Kasav, 21, a Pakistani national from Faridkot in Punjab province, said that his father, Amir, introduced him to a Lashker-e-Toiba commander. The commander, known as 'chacha' (uncle), paid his father. Experts are of the opinion that payment is one of three main recruitment tools used by Islamist extremists. The other two are the madrassas, or Islamic seminaries, scattered across Pakistan, and threats of violence, often made to the families of those being recruited.
Sources suggest that as many as 15 Indian officials are sitting in on the militant's interrogation and many are leaking their interpretations of his responses to the media. The fact that Kasav speaking fluent English indicates that he probably belong to a wealthy middle class family in Pakistan. Experts also believe it is unlikely that a recruit who had been coerced would be sent on an attack of the scale of Mumbai.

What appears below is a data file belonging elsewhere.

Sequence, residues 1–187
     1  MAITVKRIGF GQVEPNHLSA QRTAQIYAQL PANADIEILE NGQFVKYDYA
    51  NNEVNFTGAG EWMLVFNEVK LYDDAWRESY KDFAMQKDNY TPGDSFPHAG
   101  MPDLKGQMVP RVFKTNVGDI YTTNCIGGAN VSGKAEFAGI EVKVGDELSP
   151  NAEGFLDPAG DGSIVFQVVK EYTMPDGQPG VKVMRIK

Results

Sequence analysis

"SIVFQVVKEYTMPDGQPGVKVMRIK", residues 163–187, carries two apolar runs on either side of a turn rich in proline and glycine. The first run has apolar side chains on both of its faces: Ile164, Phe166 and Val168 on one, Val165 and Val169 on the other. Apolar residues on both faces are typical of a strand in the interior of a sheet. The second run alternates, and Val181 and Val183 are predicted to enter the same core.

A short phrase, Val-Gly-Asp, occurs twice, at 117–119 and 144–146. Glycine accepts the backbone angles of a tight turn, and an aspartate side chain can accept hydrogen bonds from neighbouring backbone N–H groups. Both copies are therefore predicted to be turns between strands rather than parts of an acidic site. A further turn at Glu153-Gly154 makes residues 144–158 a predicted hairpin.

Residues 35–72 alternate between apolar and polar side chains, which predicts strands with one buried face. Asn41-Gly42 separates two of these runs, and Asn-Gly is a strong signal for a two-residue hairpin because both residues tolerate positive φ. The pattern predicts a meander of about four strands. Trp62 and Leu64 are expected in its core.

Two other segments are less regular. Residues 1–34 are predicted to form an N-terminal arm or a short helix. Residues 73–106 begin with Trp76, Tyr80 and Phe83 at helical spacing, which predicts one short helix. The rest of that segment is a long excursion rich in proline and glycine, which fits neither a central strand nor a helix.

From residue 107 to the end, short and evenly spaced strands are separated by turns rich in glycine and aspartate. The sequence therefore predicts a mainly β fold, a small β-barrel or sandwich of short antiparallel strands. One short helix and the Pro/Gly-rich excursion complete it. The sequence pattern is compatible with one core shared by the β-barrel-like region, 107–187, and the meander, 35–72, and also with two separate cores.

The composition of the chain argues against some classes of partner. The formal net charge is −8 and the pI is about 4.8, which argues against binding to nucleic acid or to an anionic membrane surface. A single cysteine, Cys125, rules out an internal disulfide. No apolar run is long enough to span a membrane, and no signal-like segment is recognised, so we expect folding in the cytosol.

Dr Lakshman, of the Delhi-based Institute for Conflict Management said, "They would not send somebody who would compromise the mission."
Indian officials remain convinced that the attack on Mumbai bears the hallmark of Lashker-e-Toiba, which was believed to be behind a 2001 attack on the Indian Parliament.
They also believe that Lashker-e-Toiba does not act without the sanction of some part of the Pakistan government. Officials are also concerned that five terrorist gunmen that have escaped after the carnage and could strike again.
The prospect of more killers has added to public anger at the Indian Government's lax handling of the worst terror strike to hit the country in 15 years.